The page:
Doing Bad by Doing Good uses the economic way of thinking to develop the economics of humanitarianism. This approach yields four key lessons regarding humanitarian action:
1. Vulnerability is an issue of economic development.
GREATER WEALTH, and the associated higher standard of living, comes with many benefits, including greater protection from the negative effects of unanticipated humanitarian disasters and emergencies.
2. Aid is unable to promote society-wide economic development.
THOSE INVOLVED in humanitarian efforts are unable to promote societal economic progress because they suffer from the “planner’s problem,” meaning they are unable to access the relevant knowledge to best allocate resources in the face of a variety of competing, feasible alternative uses.
3. Humanitarian assistance can increase the output of short-term relief—e.g., food, water, healthcare, shelter—to those in need.
DESPITE THIS possibility, I am highly skeptical of the ability of state-led humanitarian efforts to effectively provide short-term relief in a consistent manner across cases of suffering. Political institutions are characterized by inefficiencies that make persistent resource misallocation and waste the norm instead of the exception.
4. Economic freedom is the best means to achieve the end of raising standards of living and, therefore, minimizing human suffering.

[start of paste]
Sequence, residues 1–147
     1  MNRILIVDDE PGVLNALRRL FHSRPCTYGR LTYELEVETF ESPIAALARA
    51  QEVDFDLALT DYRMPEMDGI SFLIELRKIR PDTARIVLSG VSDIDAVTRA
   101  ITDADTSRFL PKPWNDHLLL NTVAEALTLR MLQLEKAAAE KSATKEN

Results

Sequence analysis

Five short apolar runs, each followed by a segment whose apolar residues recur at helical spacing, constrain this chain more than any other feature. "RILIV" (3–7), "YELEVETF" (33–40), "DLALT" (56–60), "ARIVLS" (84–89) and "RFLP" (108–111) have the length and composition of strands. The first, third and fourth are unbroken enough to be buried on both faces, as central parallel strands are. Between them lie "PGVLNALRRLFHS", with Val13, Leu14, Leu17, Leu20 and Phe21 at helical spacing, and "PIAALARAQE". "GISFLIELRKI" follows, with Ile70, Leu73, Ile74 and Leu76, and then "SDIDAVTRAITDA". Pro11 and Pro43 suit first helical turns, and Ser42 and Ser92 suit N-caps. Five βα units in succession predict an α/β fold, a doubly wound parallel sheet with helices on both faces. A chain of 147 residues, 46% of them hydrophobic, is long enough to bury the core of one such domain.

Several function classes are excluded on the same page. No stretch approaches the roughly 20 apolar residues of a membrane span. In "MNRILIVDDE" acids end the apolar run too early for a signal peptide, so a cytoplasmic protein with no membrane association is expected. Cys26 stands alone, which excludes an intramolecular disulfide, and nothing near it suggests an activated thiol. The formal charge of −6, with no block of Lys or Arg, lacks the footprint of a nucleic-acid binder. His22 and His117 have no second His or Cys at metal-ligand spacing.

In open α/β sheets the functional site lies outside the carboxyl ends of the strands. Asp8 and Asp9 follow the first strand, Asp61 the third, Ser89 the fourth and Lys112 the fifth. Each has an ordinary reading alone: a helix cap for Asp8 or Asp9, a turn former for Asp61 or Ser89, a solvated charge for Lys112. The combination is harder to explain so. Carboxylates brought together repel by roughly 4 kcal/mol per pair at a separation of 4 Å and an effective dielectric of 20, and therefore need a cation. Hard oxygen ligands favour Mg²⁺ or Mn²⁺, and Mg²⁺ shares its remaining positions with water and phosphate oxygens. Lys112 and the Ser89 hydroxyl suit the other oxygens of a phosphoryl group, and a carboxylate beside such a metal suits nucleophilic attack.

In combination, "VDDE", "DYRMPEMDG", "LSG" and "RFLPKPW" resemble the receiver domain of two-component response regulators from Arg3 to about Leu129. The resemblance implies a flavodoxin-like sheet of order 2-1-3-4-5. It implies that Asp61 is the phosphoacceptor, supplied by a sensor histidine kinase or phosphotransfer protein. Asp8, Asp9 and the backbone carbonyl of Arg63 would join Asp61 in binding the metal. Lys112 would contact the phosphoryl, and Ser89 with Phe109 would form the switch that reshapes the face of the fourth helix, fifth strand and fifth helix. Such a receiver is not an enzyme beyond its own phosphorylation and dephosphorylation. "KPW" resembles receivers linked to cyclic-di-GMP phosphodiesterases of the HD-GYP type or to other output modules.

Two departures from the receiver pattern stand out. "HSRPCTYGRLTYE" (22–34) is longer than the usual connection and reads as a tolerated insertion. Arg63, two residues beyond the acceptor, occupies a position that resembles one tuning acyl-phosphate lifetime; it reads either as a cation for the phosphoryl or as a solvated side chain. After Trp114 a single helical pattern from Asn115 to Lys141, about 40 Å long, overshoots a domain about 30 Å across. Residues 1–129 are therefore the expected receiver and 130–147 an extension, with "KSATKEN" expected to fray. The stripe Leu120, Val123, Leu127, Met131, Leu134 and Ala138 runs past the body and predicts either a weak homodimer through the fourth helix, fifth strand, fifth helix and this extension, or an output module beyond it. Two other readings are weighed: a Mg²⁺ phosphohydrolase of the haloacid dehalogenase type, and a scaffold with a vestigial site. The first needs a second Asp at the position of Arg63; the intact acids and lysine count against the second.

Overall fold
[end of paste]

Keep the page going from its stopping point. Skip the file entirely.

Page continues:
THE CONDITIONS underpinning economic freedom—protection of property rights, private means of production, and free trade in labor and goods—provide an environment free of coercion in which people can engage in the process of discovery and experimentation necessary for economic development. This process is messy and will often appear misguided to outsiders, but it is the only way to achieve society-wide development.
DOING BAD by Doing Good considers a wide range of interventions and offers a bold alternative to state-led humanitarian action, focused on establishing an environment of economic freedom. If we are willing to experiment by viewing development as a process of societal discovery, we increase the range of alternatives to help people and empower them to improve their well being.
ANYONE CONCERNED with and dedicated to alleviating human suffering—from policymakers and activists to scholars and students—will find this book to be an insightful reframing of humanitarian action.